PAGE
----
A very informative and timely article written by Fernette Eide MD, Co-Founder and COO of Dyslexic Advantage. Eide is co-author of The Dyslexic Advantage and The Mislabeled Child and is an international authority on dyslexia and learning differences. She is a Magna Cum Laude with highest departmental honors graduate of Harvard-Radcliffe College and the University of California-San Francisco, and has been a consultant to the President’s Council on Bioethics and visiting lecturer at the Stanford Graduate School of Education.
Dyslexia and the “Privilege” of an Appropriate Education
Many of us were deeply disappointed this week when the Senate Health, Education, Labor and Pensions Committee voted down the amendments proposed by Senator Bill Cassidy (R-LA) to the Every Child Achieves Act of 2015. These amendments would have provided much needed federal support for the appropriate education of dyslexic students.
This loss was made particularly bitter by the comments of one senator who accused the amendments of trying to make dyslexic students a “privileged” group. The opposite is true. Rather than seeking special privileges, these amendments were simply trying to help schools provide dyslexic students to something which is already their right under existing laws: a fair and appropriate education.
Neither the dyslexic community nor the amendments supporters were trying to skirt the bounds of fairness and equity by seeking special treatment. Rather, it is the current educational system that regularly avoids the demands of fairness by denying dyslexic children the scientifically proven interventions they need to learn.
This systematic failure to provide a group of individuals the kind of education that is theirs by right is form of discrimination, equal in kind and degree to the failure to provide sound amplification for hearing impaired students, or braille text for blind students, or ramps for wheelchair bound students. The primary difference is this: while the need and rights of these other students have long been respected, the needs of dyslexic students are regularly and systematically flouted.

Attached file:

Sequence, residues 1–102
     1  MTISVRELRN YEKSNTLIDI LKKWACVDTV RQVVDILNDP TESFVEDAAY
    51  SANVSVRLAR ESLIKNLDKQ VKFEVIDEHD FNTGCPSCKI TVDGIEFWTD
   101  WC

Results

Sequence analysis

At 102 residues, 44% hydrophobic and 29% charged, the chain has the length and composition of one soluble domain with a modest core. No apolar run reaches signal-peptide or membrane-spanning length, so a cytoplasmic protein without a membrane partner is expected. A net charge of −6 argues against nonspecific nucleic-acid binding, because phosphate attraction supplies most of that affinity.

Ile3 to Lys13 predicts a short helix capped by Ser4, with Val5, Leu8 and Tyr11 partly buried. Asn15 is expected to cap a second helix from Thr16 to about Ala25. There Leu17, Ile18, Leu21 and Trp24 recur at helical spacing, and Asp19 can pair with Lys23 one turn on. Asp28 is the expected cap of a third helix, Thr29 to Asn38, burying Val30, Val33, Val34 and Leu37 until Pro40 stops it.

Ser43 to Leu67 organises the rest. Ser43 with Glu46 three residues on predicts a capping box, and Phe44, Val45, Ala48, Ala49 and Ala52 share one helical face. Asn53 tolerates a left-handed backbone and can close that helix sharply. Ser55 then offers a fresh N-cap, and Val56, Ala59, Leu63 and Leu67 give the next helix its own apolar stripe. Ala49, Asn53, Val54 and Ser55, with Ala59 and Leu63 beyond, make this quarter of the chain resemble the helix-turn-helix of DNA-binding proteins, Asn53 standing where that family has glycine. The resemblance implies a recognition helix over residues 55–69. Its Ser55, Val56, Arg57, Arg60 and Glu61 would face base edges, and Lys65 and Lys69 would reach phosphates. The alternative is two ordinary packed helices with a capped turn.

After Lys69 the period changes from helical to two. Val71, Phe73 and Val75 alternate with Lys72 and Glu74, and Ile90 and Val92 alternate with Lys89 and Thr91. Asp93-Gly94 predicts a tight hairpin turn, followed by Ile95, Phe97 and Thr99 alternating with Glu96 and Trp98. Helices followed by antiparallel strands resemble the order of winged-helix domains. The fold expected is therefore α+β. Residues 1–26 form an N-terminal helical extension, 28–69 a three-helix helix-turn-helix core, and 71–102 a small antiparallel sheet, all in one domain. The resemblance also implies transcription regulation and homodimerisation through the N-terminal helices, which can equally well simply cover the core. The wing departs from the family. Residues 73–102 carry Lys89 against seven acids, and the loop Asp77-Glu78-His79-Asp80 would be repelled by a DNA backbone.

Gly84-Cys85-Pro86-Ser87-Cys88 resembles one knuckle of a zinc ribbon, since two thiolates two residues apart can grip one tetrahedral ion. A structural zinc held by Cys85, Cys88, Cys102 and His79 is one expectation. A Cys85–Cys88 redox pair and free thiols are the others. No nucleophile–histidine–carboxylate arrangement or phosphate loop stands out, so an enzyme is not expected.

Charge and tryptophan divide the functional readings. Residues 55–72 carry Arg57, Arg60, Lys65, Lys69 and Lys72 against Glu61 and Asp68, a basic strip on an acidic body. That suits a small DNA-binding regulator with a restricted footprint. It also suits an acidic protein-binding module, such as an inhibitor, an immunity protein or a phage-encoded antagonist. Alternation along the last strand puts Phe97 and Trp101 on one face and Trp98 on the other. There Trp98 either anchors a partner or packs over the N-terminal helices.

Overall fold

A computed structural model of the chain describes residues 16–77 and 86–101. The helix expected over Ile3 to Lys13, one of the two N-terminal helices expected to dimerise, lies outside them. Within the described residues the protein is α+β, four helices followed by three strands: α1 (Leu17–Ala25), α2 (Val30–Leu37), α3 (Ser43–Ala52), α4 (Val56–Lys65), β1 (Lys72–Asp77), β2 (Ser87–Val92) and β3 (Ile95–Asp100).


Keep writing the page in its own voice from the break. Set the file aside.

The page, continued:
We know that most schools are currently not providing the kind of education to which dyslexic students have a right not only because of numerous studies and surveys, but because as parents and professionals we see with our own eyes the damage that is being done to dyslexic children. For many dyslexic children, school is a harmful rather than a nurturing experience. Studies have repeatedly shown the damage inappropriate schooling can do not only to the dyslexic child’s intellectual development, but to social and emotional development, as well. This systematic damage results fundamentally from our failure to provide them the fair and appropriate education they need. And this is a form of discrimination as insidious and corrosive as any other devaluation of human diversity.
Is “discrimination” too harsh a word? Ask a dyslexic person or the parent of a dyslexic child whether they understand the experiences described by Dr. Martin Luther King in his “Letter from a Birmingham Jail”. Whether they understand what he meant by “the blackness of corroding despair”, or the experience of “living constantly on a tiptoe stance never quite knowing what to expect next, and plagued with inner fears and outer resentments; when you are forever fighting a degenerating sense of nobodiness.” And like parents of the child King described who began to experience the evils of segregation, ask the parents of the dyslexic child whether they can see “the depressing clouds of inferiority begin to form in [their child’s] little mental sky, and to see her begin to distort her little personality”.
This steady decline into despair is precisely the experience of countless dyslexic students, who live day after day with the nightmare of being expected to learn in an educational system that is fundamentally unsuited to their needs. This systematic mistreatment of one-sixth of our population is a fundamental violation of everything we profess to believe as a people, and of justice itself. As Dr. King wrote, “Any law that uplifts human personality is just. Any law that degrades human personality is unjust.” We know that a law is unjust if it “distorts the soul and damages the personality.” This is as true of educational statutes as it is of any other law.
So no, Senators, we are not seeking special privileges. We are seeking the fundamental rights of dyslexic learners, and the simple respect and dignity that is their due as human beings. The question is not whether we should “privilege” them, but whether we will finally provide them what is already their right under law: an appropriate education.
To contact your Congressperson about dyslexia, click here: http://dyslexicadvantage.rallycongress.com
SBOE, District 12